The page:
Dear Better Readers,
As a kid, what power do I have? I can’t vote. I’m too young to go out into the world and have a job which will directly help to make the world a better place, every single day. What can I do, when I see society so disconnected with nature, our life support system? How can I, as a teenager, open their eyes and hearts?
How on earth can I do something BIG as an autistic introvert? I can write! I can use my knowledge and my experiences as a young naturalist totally fascinated by all living things! So that’s what I did. Starting at age 12 and for over three years, I wrote about nature: the wonder, the intricacies. I wrote and people listened. People from every corner of the earth. They asked for more and more….to understand. To see the world, in its diminished state, through a child’s eye. To reconnect. Blogs became a book. So bright and yellow and beautiful. My heart, head and hopes are on each page. Some pages were harder than others, being autistic can be really hard, being bullied can be catastrophic, but there’s always nature. So, always, hope. Seeing and feeling our place in the world connects us with every organism. My deepest hope is that in some way, my book can be the bridge that brings us back. That lures us to really, deeply, fall in love with the living world and every species on it. Lots of people on the other side of the world have read my book and they have cried, laughed…felt heard and yes, they are seeing the world through a different lens.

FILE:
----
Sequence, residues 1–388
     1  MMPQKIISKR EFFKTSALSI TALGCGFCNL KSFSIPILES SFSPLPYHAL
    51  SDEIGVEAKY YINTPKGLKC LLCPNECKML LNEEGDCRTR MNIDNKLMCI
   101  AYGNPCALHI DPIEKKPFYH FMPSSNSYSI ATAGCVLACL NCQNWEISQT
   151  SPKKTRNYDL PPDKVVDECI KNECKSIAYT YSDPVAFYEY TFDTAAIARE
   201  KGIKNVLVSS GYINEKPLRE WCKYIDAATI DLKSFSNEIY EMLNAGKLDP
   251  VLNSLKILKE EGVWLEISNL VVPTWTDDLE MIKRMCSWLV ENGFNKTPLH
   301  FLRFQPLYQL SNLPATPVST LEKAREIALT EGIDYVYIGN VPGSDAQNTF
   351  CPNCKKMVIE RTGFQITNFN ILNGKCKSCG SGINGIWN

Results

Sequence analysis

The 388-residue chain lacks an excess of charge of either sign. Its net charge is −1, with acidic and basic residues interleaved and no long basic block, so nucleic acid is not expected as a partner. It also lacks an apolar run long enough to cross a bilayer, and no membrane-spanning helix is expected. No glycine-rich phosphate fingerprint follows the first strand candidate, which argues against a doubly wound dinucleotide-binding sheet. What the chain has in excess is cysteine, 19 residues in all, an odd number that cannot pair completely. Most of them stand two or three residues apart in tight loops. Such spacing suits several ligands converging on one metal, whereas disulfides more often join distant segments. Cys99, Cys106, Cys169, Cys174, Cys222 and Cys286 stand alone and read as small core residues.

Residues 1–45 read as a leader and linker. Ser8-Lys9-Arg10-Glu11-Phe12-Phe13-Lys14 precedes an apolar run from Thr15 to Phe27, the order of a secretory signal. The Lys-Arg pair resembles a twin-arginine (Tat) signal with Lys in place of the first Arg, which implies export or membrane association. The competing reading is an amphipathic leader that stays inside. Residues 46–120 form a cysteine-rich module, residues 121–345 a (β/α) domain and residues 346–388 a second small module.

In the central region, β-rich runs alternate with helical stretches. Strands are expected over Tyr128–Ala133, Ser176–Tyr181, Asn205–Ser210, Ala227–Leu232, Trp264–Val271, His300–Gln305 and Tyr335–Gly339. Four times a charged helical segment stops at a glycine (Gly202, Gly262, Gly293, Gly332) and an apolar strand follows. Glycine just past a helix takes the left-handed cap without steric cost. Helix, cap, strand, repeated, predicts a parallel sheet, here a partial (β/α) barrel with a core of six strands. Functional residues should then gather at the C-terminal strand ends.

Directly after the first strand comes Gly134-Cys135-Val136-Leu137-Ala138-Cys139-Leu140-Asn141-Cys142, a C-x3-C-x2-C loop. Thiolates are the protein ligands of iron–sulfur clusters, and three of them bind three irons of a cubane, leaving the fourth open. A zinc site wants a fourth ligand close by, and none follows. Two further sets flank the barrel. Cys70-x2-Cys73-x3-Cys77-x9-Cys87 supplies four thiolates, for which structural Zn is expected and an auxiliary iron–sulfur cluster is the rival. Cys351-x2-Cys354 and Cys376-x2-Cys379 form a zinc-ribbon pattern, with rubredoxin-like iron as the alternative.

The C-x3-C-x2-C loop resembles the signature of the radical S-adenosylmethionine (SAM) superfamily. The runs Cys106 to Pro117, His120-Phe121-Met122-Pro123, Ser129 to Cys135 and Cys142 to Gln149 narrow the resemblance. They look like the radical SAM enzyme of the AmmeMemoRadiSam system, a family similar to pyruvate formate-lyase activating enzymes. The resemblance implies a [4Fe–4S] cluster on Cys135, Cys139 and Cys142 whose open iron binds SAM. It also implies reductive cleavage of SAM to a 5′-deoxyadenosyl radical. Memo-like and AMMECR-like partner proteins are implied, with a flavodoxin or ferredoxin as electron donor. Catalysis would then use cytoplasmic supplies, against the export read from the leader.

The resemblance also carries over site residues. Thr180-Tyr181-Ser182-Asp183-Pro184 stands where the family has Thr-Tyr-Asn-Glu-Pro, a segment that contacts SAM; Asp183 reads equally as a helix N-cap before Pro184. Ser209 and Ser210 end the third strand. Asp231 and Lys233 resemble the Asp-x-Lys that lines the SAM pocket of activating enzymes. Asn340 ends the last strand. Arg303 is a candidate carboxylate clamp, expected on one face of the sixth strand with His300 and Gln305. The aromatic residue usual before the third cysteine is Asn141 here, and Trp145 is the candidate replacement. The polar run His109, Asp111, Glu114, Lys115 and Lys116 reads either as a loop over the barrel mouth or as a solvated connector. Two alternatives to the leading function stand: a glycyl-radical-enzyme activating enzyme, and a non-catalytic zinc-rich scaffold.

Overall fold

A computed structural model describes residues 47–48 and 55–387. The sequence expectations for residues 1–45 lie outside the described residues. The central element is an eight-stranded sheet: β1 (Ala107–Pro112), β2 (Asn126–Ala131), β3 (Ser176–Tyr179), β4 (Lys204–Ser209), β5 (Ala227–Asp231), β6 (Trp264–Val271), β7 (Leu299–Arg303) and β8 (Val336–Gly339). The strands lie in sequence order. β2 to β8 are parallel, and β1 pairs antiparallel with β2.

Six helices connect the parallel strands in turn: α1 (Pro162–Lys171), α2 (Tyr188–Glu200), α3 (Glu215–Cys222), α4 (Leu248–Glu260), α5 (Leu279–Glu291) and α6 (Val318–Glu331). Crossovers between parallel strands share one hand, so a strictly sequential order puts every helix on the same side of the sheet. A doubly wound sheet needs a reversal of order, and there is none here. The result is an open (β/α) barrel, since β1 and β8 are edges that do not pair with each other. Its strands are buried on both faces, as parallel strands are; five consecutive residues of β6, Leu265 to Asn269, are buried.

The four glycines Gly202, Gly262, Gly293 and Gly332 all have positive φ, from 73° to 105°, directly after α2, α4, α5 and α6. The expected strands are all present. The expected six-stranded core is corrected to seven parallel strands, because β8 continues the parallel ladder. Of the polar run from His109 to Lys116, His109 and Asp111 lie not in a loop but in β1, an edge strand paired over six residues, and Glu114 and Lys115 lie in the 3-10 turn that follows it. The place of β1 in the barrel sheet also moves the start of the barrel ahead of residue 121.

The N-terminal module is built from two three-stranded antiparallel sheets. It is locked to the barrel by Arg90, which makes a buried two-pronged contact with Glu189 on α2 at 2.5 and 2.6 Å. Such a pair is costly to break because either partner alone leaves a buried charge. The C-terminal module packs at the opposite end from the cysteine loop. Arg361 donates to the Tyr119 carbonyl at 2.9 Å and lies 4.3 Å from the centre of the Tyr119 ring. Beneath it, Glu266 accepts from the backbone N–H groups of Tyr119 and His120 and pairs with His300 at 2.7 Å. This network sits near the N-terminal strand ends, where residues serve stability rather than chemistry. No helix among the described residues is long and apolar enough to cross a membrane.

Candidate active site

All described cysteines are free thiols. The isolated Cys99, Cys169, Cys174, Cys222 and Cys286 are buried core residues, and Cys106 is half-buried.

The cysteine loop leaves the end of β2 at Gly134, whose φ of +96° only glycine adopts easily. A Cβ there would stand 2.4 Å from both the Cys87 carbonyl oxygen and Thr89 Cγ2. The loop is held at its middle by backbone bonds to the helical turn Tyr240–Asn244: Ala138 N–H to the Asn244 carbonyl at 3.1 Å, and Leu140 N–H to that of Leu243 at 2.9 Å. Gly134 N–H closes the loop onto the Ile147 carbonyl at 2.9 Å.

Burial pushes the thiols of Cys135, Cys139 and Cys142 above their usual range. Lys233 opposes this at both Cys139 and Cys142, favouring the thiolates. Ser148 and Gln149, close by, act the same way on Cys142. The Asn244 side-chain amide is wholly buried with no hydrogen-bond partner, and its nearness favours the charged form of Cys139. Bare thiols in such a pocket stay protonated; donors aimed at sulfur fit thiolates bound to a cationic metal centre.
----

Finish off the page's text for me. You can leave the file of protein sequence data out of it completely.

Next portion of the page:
I really hope, that you will, too. So does my Great Uncle Jim and Auntie Karyl, because they want to see my book on their side of the world. Where so many Irish people made their home and their lives. Maybe they’d like a little piece of my side of the world on their bookshelves. In their libraries.
I have no real expectations, except that the world is cared for and respected and loved. I think Australians need a lot of love right now, because you have witnessed such horrific loss of nature, of life. I hope my book might help in some small way, to give a little hope.
Dara McAnulty (just turned 16)